As part of an ongoing effort to improve the federal government’s cybersecurity practices, President Barack Obama signed two executive orders this week establishing a Federal Privacy Council to be filled by Senior Agency Officials from at least 24 federal agencies, and a Commission on Enhancing National Cybersecurity, to be composed of up to 12 members appointed by the President.
Heather Kabele, a partner in the Vorys Houston office and a member of the litigation group, authored an article for International Law360 titled “FinCEN Expands Data Collection Geography Beyond Banking.”
Ray Pinkham, an associate in the Vorys Washington, D.C. office and member of the litigation group, authored an article for the ABA/BNA Lawyers’ Manual on Professional Conduct titled “Embrace Inevitable Change in Legal Services Profession, Conference Speakers Say.”
On Tuesday, August 11, 2015, the United States Court of Appeals for the District of Columbia Circuit released a decision upholding an assertion of privilege by Kellogg Brown and Root, Inc. (KBR) over internal investigation documents in a FCA suit alleging kickbacks and overbilling on Iraq war subcontracts.
A decision last week in an FCA case in Pennsylvania confirms that the FCA’s first-to-file bar has been weakened. See U.S. ex rel. Boise v. Cephalon, Inc., No. 08-CV-287 (E.D. Pa.). The court in the Cephalon case confirmed that the Supreme Court’s decision in Kellogg Brown & Root Servs., Inc. v. United States ex rel. Carter means that the first-to-file bar does not apply when a previously filed case is no longer pending.
The Ninth Circuit’s recent decision in U.S. ex rel. Hartpence v. Kinetic Concepts, Inc., 2015 U.S. App. Lexis 11643 (9th. Cir. July 7, 2015), overruled existing Ninth Circuit precedent regarding the requirements for meeting the public disclosure rule’s original source exception, weakening the public disclosure bar in the Ninth Circuit and opening the door for increased qui tam activity within that jurisdiction.
On July 1, 2015, the SEC issued proposed rules that would require listed issuers to:
• adopt and comply with a policy requiring the recovery of excess incentive-based compensation from the issuer’s executive officers in the event of material accounting restatements; and
• disclose the listed issuer’s clawback policy and certain information relating to the application of such clawback policy.
Today the Supreme Court issued its decision in Kellogg Brown & Root Servs., Inc. v. United States ex rel. Carter. On the first question presented, the Court held that the Wartime Suspension of Limitations Act (WSLA) applies only to criminal offenses and thus does not toll the False Claims Act’s (FCA) statute of limitations indefinitely while the United States is in armed conflict.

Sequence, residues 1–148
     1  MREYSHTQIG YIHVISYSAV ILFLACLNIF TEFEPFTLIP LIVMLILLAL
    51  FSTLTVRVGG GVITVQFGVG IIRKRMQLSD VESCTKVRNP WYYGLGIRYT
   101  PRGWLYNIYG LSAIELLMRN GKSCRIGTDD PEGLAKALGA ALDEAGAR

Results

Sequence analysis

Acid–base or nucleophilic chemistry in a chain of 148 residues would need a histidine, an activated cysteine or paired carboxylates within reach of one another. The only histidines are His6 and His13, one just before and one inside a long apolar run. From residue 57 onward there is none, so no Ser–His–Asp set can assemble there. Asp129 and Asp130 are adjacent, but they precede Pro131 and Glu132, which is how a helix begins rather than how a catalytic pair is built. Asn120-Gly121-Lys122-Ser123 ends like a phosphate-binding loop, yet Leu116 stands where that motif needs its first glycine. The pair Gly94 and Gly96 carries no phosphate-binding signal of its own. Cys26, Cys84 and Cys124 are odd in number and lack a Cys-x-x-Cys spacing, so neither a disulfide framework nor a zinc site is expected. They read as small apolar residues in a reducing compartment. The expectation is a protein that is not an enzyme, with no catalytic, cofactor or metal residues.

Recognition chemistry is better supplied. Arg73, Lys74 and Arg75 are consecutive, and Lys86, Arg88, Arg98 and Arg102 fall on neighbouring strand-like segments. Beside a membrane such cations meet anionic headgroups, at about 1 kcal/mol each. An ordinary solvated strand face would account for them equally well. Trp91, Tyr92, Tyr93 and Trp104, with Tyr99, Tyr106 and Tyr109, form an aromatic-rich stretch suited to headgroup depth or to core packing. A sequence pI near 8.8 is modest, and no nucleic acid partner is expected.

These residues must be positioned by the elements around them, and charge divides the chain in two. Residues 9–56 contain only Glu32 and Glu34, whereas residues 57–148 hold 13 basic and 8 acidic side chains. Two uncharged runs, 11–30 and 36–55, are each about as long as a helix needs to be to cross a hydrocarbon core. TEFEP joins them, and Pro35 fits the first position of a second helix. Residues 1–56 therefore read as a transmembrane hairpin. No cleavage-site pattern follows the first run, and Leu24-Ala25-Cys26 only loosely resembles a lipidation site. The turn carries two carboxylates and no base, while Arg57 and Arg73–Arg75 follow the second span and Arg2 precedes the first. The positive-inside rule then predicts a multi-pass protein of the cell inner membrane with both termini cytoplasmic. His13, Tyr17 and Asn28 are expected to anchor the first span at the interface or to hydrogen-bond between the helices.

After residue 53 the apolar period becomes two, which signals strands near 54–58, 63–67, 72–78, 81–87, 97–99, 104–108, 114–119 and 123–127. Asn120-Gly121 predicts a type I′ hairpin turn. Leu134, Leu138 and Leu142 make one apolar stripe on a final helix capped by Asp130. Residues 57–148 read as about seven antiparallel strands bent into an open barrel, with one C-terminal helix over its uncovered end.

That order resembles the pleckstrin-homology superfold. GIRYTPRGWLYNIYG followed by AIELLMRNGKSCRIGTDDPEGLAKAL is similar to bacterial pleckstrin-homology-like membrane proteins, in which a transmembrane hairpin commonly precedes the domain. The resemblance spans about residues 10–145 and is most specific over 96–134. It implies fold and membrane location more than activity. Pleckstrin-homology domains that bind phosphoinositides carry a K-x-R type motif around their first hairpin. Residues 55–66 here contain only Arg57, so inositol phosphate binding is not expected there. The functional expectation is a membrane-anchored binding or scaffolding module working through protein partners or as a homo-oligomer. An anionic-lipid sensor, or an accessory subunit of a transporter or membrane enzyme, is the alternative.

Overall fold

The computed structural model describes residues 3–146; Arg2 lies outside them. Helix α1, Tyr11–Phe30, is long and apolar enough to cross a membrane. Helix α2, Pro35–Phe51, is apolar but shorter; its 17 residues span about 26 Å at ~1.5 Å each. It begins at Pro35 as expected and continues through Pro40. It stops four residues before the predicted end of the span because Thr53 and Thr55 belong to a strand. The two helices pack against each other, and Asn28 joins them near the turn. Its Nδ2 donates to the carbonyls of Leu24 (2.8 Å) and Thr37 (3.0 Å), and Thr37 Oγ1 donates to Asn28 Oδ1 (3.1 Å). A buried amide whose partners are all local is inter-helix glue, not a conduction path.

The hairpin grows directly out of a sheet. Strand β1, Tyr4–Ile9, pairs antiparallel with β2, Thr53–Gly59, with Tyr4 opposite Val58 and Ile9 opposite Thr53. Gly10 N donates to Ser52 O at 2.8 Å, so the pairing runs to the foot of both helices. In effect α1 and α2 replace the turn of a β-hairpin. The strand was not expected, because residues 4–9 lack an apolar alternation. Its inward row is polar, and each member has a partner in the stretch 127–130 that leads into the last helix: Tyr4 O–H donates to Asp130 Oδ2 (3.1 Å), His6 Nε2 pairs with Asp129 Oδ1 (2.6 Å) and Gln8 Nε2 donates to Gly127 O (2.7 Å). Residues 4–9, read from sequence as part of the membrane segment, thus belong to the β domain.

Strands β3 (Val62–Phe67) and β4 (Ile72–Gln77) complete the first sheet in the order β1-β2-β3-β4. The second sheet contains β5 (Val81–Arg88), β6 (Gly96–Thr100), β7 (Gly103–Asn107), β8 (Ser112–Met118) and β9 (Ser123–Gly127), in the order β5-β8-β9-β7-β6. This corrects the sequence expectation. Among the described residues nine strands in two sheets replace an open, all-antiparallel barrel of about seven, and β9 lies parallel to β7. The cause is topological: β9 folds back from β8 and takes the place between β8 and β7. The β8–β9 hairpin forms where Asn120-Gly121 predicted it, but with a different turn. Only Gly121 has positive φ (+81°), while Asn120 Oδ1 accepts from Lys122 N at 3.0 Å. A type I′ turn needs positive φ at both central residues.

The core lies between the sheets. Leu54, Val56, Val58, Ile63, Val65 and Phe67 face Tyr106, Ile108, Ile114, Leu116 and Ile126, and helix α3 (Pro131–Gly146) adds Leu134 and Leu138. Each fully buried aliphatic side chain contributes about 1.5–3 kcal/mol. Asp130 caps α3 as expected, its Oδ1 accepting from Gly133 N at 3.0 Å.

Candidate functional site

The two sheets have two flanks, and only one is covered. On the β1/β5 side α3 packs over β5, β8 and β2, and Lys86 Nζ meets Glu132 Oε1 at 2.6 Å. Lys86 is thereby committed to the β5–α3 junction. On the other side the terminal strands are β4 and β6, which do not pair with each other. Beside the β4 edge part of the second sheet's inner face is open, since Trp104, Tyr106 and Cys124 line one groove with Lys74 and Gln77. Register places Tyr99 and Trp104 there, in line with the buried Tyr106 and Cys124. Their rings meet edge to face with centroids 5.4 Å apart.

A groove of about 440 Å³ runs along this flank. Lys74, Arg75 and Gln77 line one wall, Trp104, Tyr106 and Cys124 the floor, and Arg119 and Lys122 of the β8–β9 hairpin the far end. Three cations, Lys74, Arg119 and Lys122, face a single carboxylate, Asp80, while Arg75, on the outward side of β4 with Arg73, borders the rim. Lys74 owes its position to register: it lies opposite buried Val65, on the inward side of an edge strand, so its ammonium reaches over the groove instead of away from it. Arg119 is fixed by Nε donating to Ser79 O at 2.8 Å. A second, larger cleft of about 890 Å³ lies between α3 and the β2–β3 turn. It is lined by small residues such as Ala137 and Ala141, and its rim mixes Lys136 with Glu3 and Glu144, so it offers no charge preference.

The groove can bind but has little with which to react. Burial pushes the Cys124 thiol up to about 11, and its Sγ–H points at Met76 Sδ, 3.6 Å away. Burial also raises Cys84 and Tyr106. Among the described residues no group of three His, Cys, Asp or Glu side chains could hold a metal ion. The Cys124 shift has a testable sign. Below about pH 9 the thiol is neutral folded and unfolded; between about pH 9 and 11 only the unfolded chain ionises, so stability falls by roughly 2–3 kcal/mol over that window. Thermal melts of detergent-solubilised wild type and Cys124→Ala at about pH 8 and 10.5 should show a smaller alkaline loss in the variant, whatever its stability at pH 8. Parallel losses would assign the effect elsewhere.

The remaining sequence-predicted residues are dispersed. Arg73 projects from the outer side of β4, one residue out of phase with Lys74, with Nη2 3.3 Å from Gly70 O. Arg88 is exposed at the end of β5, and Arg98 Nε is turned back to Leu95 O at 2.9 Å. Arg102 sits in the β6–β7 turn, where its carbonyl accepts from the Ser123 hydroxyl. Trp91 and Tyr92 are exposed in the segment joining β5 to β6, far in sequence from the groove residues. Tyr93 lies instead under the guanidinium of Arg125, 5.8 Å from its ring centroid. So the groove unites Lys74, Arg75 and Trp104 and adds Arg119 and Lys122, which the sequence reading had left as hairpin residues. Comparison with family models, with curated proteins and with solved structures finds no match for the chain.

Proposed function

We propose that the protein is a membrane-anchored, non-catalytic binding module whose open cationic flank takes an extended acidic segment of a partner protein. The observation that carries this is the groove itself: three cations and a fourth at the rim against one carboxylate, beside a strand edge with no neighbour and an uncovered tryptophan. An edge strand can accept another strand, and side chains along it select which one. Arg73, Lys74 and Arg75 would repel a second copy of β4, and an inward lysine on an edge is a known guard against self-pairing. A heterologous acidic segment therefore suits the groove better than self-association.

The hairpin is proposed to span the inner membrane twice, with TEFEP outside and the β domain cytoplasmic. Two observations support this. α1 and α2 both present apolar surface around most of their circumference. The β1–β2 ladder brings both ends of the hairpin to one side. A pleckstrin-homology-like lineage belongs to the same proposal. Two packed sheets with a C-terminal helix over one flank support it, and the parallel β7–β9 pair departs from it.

Last month, the Sixth Circuit reaffirmed the fair market value (FMV) standard as the primary measure of damages in False Claims Act (FCA) cases—and demonstrated the teeth of that requirement when evidence (including expert testimony) is not presented to support an FMV determination. United States v. United Technologies Corp., 2015 U.S. App. LEXIS 5476 (6th Cir. April 6, 2015), represented the culmination of a decades-long dispute between the government and United Technologies’ Pratt & Whitney unit over pricing for engines supplied to the Air Force for use in its F-15 and F-16 aircraft.
On April 29, 2015, the Securities and Exchange Commission (SEC) proposed rules to implement Section 953(a) of the Dodd-Frank Wall Street Reform and Consumer Protection Act, which directs the SEC to require additional “pay-versus-performance” disclosure in any proxy information statements in which executive compensation disclosure is required pursuant to Item 402 of Regulation S-K.
On February 9, 2015, the Securities and Exchange Commission (the SEC) proposed rules to implement Section 955 of the Dodd-Frank Wall Street Reform and Consumer Protection Act, which directs the SEC to require, by rule, each public company to disclose in any proxy or consent solicitation material for an annual meeting of the shareholders of the company whether any employee or director, or any designee of such employee or director, is permitted to hedge the company’s equity securities.
A recent Sixth Circuit opinion provides defendants a valuable roadmap for using government witness testimony to defeat False Claims Act (FCA) claims on materiality grounds at the summary judgment stage. In U.S. ex rel. American Systems Consulting, Inc. v. ManTech Advanced Systems Int’l Inc., Case No. 14-3269 (6th Cir.), the court rejected the relator’s argument that materiality decisions should be left to a jury. Instead, the court expressly held that “a judge may decide as a matter of law whether a misrepresentation was material under the FCA.”
On January 13, 2015, the United States Supreme Court ruled in favor of homeowners seeking to rescind their loans and mortgages with written notice to lenders within three years of completion of a real estate transaction, where lenders allegedly failed to comply with the federal Truth in Lending Act (TILA). Based on this decision in Jesinoski v. Countrywide Home Loans, Inc., it is not necessary that a homeowner actually file a court action within those three years.